In November, the U.S. Senate, in a bipartisan bill (H.R. 8276) introduced by U.S. Representatives Stephanie Murphy (D-FL), Dan Crenshaw (R-TX), and Michael Waltz (R-FL), authorized the president to posthumously award the Medal of Honor to U.S. Army Sergeant First Class Alwyn Cashe for his actions in Iraq on October 17, 2005.
The Legislative Work Has Been Done
The bill waived a federal law that generally requires a Medal of Honor to be awarded within five years of the actions that form the basis for the award. Then-President Trump, in December 2020, signed legislation that waived the five-year limit for awarding the military’s highest medal for valor in combat.
However, Trump’s White House team, coordinating on the official announcement for the Medal of Honor, determined that a potential ceremony wouldn’t come until after the inauguration in January 2021.
The change of administration means that although the bill has passed, new paperwork authorizing the president to sign off on the bill has to be generated. The Biden administration has now been in office for more than 100 days. If there is any piece of legislation left over from the Trump administration that unabashedly must be followed through, it is the bipartisan Medal of Honor push for SFC Alwyn Cashe.
SFC Alwyn Cashe’s Actions Are Deserving of a Medal of Honor
On October 17, 2005, U.S. Army Sergeant 1st Class (SFC) Alwyn C. Cashe, was on a combat patrol in Samarra, Iraq. As an Alpha Company platoon sergeant from Forward Operating Base McKenzie, adjacent to Diyala, SFC Cashe was in the lead Bradley Fighting Vehicle when it struck a roadside Improvised Explosive Device (IED). The vehicle’s fuel cell ruptured, instantly covering Cashe in fuel. His vehicle came to a stop and immediately erupted in flames. While under small arms fire, SFC Cashe managed to escape through the Bradley gunner’s hatch and assisted the driver with his egress. The flames gripped Cashe’s fuel-soaked uniform and quickly spread all over his body.
Despite the terrible pain, Sergeant First Class Cashe placed the injured driver on the ground and extinguished the driver’s burning clothes. He returned to the burning vehicle to retrieve another burning soldier. All the while, he was still on fire. He then moved to the back of the Bradley to pull more of his soldiers from the flames.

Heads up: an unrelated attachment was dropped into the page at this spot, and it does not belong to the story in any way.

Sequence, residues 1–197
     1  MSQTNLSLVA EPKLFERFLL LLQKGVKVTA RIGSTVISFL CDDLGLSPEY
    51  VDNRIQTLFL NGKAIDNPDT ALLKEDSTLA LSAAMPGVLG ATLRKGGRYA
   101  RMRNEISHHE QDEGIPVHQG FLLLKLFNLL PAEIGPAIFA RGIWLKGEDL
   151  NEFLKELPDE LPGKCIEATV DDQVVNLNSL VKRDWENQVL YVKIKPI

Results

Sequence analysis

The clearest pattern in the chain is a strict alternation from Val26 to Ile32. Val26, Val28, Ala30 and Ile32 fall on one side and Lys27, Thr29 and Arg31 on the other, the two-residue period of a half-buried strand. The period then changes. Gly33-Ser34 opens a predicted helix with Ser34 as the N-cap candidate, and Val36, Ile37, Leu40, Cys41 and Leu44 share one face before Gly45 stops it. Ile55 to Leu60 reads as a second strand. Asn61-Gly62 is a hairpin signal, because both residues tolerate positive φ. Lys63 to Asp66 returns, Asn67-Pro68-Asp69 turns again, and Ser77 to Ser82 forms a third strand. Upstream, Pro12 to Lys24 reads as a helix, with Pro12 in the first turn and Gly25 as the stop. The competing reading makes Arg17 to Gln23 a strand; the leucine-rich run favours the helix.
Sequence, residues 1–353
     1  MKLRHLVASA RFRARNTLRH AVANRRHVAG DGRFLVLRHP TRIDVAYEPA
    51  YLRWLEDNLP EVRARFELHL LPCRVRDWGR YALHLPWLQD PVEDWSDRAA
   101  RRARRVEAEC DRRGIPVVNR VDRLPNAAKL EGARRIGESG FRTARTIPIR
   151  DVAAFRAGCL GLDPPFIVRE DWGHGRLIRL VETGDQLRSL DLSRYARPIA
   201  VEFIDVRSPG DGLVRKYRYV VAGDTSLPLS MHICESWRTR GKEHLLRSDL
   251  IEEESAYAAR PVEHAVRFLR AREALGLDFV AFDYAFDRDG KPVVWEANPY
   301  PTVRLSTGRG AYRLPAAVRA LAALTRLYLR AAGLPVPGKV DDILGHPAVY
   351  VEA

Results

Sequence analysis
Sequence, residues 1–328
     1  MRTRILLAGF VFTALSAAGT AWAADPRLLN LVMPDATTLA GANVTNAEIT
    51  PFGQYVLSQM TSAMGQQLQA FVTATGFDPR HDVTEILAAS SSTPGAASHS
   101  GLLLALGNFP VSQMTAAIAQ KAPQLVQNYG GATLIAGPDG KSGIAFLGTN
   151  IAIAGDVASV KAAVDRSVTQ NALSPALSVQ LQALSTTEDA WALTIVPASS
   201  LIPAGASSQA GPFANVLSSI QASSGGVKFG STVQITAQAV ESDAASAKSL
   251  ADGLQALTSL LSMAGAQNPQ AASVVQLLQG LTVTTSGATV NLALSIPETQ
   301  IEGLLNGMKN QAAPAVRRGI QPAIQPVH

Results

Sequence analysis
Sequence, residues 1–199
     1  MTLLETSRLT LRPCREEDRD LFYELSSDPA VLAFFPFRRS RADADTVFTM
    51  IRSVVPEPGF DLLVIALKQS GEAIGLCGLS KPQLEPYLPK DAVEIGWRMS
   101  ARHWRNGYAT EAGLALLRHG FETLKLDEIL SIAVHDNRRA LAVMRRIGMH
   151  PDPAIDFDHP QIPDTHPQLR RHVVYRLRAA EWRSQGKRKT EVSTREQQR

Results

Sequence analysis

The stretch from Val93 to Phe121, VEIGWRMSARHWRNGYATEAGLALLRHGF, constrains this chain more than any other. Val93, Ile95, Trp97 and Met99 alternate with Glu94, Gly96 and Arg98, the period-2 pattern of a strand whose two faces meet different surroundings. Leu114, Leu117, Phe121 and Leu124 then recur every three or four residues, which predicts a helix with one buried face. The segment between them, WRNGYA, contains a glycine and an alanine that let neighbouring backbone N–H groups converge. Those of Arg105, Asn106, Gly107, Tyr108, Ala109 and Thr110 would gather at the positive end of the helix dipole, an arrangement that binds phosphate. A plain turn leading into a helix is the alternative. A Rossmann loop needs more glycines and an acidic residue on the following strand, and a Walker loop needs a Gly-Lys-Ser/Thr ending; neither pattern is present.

Sgt. Gary Mills was on fire, his hands so badly burned that he couldn’t open the rear troop door to free himself and the other soldiers trapped inside the flaming vehicle. Cashe opened the door from outside grabbing Mills and yanking him to safety. Within seconds, Cashe ran back to the flames and crawled into the vehicle to haul out the platoon’s critically burned medic.
SFC Alwyn Cashe kept going back into that vehicle even after his uniform had ignited, and flames had severely burned most of his body. He got all of his soldiers out.
“He Just Kept Saying, ‘I’m Good, I’m Good. Take Care of My Guys”
When Cashe arrived at the U.S. Air Force Theater Hospital at Balad Air Base in Iraq, he was still fully conscious. Alisha Turner, then an Air Force medic, was part of the team that treated Cashe and three of his wounded comrades. Cashe, she remembered, was the fourth casualty through the door. He was burned badly. The remains of his uniform had melted to his skin. Turner’s team rushed Cashe into the ER, where he started fighting to get off the gurney. “He just kept saying, ‘I’m good, I’m good, take care of my guys,’ Turner said. “He wanted us to focus on everyone else. It was as if they were his children.”
Cashe died a few weeks later on November 8 at the Brooke Army Medical Center, Fort Sam Houston, in San Antonio, Texas. At the time, he was awarded a Silver Star Medal. He was 35 years old.
Lt. Gen. William G. Webster, Cashe’s division commander, wrote: “The pain he suffered must have been unimaginable, and yet he continued to suffer in the name of saving others. I cannot remember a story that is its equal.”
Kasinal Cashe White, the sergeant’s sister, recalled to news media that she stayed at her brother’s bedside while he was in the hospital. And the first thing he asked when he was able to speak was, “How are my boys?” He then broke down in tears, saying he “couldn’t get to them fast enough.”
There have been six Medals of Honor awarded for the Iraq War, all of them posthumously. Eighteen Medals of Honor have awarded for the fighting in Afghanistan. If SFC Cashe is awarded the Medal of Honor, he would be the first black soldier to receive the award in either the Iraq or Afghanistan war.
President Biden needs to act upon this ASAP and award the Medal of Honor to SFC Alwyn Cashe’s family.